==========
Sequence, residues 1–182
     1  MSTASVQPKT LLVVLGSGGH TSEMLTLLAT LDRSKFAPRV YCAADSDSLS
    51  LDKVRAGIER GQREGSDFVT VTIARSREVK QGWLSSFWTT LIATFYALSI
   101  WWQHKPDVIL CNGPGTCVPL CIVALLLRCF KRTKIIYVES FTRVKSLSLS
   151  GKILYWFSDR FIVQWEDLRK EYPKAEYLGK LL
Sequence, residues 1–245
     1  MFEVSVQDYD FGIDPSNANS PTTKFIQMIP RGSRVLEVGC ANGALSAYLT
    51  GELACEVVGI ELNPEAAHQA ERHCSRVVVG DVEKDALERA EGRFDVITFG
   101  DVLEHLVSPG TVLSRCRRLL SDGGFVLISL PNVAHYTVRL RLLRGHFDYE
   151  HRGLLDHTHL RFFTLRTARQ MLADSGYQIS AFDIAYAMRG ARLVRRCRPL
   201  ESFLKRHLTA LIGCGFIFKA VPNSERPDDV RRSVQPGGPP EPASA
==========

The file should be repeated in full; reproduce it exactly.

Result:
Sequence, residues 1–182
     1  MSTASVQPKT LLVVLGSGGH TSEMLTLLAT LDRSKFAPRV YCAADSDSLS
    51  LDKVRAGIER GQREGSDFVT VTIARSREVK QGWLSSFWTT LIATFYALSI
   101  WWQHKPDVIL CNGPGTCVPL CIVALLLRCF KRTKIIYVES FTRVKSLSLS
   151  GKILYWFSDR FIVQWEDLRK EYPKAEYLGK LL
Sequence, residues 1–245
     1  MFEVSVQDYD FGIDPSNANS PTTKFIQMIP RGSRVLEVGC ANGALSAYLT
    51  GELACEVVGI ELNPEAAHQA ERHCSRVVVG DVEKDALERA EGRFDVITFG
   101  DVLEHLVSPG TVLSRCRRLL SDGGFVLISL PNVAHYTVRL RLLRGHFDYE
   151  HRGLLDHTHL RFFTLRTARQ MLADSGYQIS AFDIAYAMRG ARLVRRCRPL
   201  ESFLKRHLTA LIGCGFIFKA VPNSERPDDV RRSVQPGGPP EPASA